Munch Scream Now World’s Priciest Auction Trophy

Edvard Much, The Scream (1895)


A pastel version of Edvard Munch’s The Scream sold for  $119.9 million at Sotheby’s last night, becoming the most expensive artwork ever sold at auction. It surpasses the record set by Picasso’s 1932 Nude, Green Leaves and Bust, which sold at Christie’s in 2010 for $106.5 million.

The auction achieved Sotheby’s highest ever total for an Impressionist-modern auction. The $331 million total, with 76 lots, topped the high estimate. Last May’s Impressionist-modern sale brought $170,478,000.

The only version still in a private collection, this 1895 Scream is one of four extant versions. The others reside in Oslo museums.

Norwegian businessman Petter Olsen, whose father Thomas was a friend, neighbor and patron of Munch, sold the work, with proceeds slated for a new Munch museum in Hvitsen.

“It’s a meme at this point, because it seems to speak so directly to everybody,” art historian and Wellesley professor Patricia Berman, who contributed an essay to the catalogue for the 2006 MoMA exhibition “Edvard Munch: The Modern Life of the Soul,” told A.i.A. the day of the sale.

“The painting has helped us to shape the way we look at the world,” Berman added. “It’s a touchstone that helps to structure reality itself.”

It’s also that rare painting that has its own Twitter account–the 1893 version, at least. It mostly just screams: “Aaaaaahhhh!”

The painting spurred seven bidders to a 12-minute bidding war, with the hammer falling at 8 p.m.

When the tuxedo-clad auctioneer, Tobias Meyer, began the bidding at $40 million on lot 20, The Scream, hands shot up in various parts of the salesroom. Bidding quickly climbed through the 60s, then stalled in the low 70s, then quickly climbed to and cruised through the 80s. There was a long pause at $94 million. By then it was a contest between a pair of phone bidders.

Sotheby’s Charles Moffett, Impressionist and modern department vice chairman, made the $95 million bid on behalf of an unnamed phone bidder. His colleague Stephane Cosmane Connery asked Meyer if he could have a moment to confer with his client by phone.

“I have all the time in the world,” Meyer deadpanned.

Connery continued to bid, and a smattering of applause greeted the $100 million mark. A long, tense pause ensued at $105 million. When Connery bid $106 million, Meyer asked, “Can I say I love you?” Moments later, after the $107 million bid by Moffett, Meyer said, “Then I shall sell it for the historic sum of $107 million.”

And the hammer fell.

After the sale, Olsen, the wild-haired and bespectacled seller, read a lengthy statement tying the work to global warming. It went, in part:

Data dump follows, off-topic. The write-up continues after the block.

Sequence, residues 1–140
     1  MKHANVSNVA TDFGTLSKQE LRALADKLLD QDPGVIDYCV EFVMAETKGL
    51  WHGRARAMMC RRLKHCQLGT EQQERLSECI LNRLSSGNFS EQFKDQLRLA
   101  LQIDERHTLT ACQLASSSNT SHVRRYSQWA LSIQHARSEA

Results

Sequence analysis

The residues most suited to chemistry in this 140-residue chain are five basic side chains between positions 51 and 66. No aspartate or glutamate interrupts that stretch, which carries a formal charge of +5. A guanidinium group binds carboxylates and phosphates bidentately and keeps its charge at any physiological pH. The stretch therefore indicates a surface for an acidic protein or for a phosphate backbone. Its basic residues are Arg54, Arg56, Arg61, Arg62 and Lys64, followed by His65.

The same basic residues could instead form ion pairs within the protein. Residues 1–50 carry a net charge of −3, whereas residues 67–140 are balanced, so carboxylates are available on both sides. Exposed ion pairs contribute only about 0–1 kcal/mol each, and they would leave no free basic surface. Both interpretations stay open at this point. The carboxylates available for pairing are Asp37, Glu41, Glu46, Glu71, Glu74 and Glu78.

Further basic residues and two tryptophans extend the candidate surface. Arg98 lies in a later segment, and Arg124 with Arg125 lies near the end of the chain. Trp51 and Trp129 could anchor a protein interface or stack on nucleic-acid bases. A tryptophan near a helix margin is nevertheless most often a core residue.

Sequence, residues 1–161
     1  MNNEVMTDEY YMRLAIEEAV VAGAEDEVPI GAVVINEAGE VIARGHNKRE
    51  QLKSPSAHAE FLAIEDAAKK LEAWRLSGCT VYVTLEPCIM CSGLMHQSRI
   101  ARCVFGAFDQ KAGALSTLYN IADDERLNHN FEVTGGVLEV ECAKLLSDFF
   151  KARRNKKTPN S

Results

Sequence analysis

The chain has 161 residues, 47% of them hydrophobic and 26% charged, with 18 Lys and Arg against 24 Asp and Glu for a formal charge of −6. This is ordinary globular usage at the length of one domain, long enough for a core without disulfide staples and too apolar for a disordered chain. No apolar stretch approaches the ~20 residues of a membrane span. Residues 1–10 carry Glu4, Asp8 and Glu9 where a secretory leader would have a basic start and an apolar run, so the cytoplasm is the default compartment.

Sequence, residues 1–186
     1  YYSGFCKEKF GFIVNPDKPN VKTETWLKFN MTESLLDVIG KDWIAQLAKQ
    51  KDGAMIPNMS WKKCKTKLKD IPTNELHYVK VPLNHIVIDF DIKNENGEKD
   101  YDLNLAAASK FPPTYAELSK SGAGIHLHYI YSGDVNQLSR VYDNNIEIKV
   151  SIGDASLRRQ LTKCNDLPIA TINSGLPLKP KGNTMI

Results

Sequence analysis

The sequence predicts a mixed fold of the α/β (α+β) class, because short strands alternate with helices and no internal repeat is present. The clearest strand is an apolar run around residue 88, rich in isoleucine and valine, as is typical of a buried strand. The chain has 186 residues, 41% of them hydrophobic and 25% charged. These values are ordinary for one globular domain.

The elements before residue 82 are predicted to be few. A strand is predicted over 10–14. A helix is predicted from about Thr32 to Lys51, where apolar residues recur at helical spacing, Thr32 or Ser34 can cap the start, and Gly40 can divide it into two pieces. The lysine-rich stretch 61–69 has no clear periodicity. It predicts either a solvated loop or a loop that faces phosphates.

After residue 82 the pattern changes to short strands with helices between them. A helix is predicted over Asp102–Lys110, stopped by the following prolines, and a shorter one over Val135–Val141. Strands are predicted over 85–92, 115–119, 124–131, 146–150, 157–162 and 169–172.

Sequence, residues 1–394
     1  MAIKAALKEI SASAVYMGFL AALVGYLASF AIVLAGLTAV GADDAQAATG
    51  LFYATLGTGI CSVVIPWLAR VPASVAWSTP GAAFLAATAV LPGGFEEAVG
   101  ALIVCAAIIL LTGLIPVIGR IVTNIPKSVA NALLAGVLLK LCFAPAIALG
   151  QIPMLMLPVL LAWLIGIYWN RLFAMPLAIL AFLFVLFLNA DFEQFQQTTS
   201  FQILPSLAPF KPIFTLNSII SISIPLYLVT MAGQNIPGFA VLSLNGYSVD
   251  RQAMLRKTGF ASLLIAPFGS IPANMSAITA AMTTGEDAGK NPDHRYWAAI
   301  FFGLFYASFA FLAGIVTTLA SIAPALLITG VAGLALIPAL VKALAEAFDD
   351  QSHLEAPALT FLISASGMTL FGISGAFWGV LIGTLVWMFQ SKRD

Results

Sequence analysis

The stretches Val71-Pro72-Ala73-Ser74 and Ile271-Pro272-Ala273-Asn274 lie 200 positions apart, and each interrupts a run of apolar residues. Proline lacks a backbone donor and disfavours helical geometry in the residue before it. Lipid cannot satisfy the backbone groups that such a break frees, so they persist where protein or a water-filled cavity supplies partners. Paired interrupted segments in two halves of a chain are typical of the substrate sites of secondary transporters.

The Scream for me shows the horrifying moment when man realizes his impact on nature and the irreversible changes that he has initiated, making the planet increasingly uninhabitable. The image of The Scream could make more of us fathom the magnitude of the consequences of our continuing emissions of greenhouse gases. This will inevitably lead to the triggering of uncontrollable feedback mechanisms that lie latent in the physics of nature. . . . More death, less life. And very few lifeboats left as we go down.”

The Munch was clearly the main event, yet there were other notable moments in the sale.

Picasso’s 1941 portrait of Dora Maar, Femme Assise dans un fauteuil (est. $20-$30 million), a half-length portrait in acid hues from the estate of New York financier Theodore J. Forstmann, sold safely within its estimate, at $29.2 million. The canvas is from the same year as Dora Maar with a cat, which brought $95.2 million at Sotheby’s in 2006.

Coming in just under its estimate was another offering from the Forstmann estate, Chaïm Soutine’s Le Chasseur de chez Maxim’s (ca. 1925), which brought $9.3 million on an estimate of $10­-$15 million. Forstmann paid a record-setting $6.7 million at Sotheby’s in 2004 for this half-length portrait of a bright-red-clad employee from the fashionable Paris restaurant.

Several modern works also sold well.

Salvador Dalí’s Printemps Nécrophilique (1936), which features a woman standing by a cypress tree before an arresting blank landscape, her head replaced by a bunch of flowers, brought $16.3 million, well above its $8–12 million estimate.

Constantin Brancusi’s gilded bronze sculpture Prométhée greatly exceeded its $6-$8 million estimate to sell for $12.6 million.

Max Ernst’s 1940 oil painting Leonora in the Morning Light, which had never previously been sold, brought a very respectable $7.9 million on an estimate of $3–$5 million. The works shows the raven-haired painter Leonora Carrington in an overgrown garden in a ruin. It had long remained in Carrington’s collection.

Sales resume next week, with Christie’s and Sotheby’s postwar and contemporary sales on May 8 and 9.